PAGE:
WASHINGTON (AP) -- Pakistan is poised to launch a full-scale offensive in its lawless tribal region North Waziristan if talks with Taliban insurgents fail, a senior Pakistan government official said Tuesday.
The Pakistani government recently opened negotiations with the Pakistani Taliban to end years of fighting in the northwest that has cost thousands of lives and forced hundreds of thousands of people to flee their homes.
Peace efforts suffered a setback, however, when a bombing claimed by the Pakistan Taliban last week killed 12 police officers in the port city of Karachi, and a few days later a Taliban faction also claimed it killed 23 soldiers.
The official, who briefed reporters in Washington on condition that he not be identified, said Pakistan's government prefers a negotiated settlement but that preparations have been made for military action if negotiations do not yield the "right dividend."
Pakistani Prime Minister Nawaz Sharif, who was elected in May, long has favored peace talks over military action to end the bloodshed in the northwest, but he is also under pressure from critics to retaliate for any Taliban violence. Local media reported that Sharif's Cabinet was scheduled to meet Tuesday to discuss options for operations in the tribal region.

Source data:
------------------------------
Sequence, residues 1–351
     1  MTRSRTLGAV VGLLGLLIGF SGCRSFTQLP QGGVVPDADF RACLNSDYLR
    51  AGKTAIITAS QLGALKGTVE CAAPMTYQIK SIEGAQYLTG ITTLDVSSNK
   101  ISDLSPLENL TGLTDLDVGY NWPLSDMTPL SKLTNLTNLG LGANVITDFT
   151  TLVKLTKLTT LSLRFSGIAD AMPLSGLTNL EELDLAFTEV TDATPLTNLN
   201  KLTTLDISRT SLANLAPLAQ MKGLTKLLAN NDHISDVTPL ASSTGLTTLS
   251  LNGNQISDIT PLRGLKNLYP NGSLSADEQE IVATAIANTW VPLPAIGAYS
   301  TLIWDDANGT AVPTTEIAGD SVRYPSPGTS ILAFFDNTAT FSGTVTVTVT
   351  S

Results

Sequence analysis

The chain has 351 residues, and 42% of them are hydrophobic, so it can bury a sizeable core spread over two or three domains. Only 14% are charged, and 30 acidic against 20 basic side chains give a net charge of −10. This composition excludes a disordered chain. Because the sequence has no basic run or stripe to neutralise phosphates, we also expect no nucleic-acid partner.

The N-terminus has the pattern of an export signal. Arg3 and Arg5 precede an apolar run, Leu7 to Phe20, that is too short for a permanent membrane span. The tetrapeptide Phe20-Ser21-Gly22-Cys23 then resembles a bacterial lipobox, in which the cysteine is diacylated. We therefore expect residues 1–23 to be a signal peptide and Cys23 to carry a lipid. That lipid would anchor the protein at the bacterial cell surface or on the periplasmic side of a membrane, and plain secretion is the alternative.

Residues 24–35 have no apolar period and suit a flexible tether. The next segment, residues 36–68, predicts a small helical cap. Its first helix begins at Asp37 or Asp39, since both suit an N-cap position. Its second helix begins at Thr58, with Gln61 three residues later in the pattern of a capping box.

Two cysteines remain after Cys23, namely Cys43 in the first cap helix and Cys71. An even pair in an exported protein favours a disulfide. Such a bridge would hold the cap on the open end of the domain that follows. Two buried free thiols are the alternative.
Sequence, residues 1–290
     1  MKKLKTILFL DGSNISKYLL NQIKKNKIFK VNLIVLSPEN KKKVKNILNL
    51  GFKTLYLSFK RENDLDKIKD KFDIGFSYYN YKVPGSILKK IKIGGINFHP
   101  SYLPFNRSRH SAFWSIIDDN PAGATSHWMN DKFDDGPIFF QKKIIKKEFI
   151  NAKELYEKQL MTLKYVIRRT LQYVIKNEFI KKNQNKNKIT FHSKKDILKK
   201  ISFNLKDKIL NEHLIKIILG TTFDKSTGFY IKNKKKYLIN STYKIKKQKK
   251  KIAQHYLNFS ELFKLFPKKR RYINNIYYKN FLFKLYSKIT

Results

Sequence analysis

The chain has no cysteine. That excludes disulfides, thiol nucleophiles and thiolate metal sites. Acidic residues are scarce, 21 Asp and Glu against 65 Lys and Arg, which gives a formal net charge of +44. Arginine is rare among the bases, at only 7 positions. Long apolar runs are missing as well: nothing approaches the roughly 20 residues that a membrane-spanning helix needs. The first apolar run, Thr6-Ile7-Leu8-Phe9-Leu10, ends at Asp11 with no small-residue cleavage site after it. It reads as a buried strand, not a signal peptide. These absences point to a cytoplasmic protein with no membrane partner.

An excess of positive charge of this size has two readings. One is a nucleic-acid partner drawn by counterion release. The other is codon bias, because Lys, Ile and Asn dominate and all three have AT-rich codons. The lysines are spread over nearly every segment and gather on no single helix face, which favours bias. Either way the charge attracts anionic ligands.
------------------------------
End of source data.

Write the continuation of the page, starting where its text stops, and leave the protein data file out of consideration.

The official said Pakistani troops would not have to be sent into the area because they already are deployed there and only would have to be repositioned for what he said would be a "very visible operation."
The U.S. has repeatedly demanded that Pakistan carry out an operation in North Waziristan to target members of the Haqqani network and other militants based there who attack American troops across the border in Afghanistan. The Haqqani group is blamed for some of the most high-profile attacks in Afghanistan, especially in the capital, Kabul.
The official said members of the Haqqani network would be among those militants targeted, but he said most Haqqanis live in Afghanistan.
Associated Press writers Ijaz Mohammad in Bannu, Pakistan, Asif Shahzad in Islamabad and Riaz Khan in Peshawar contributed to this report.
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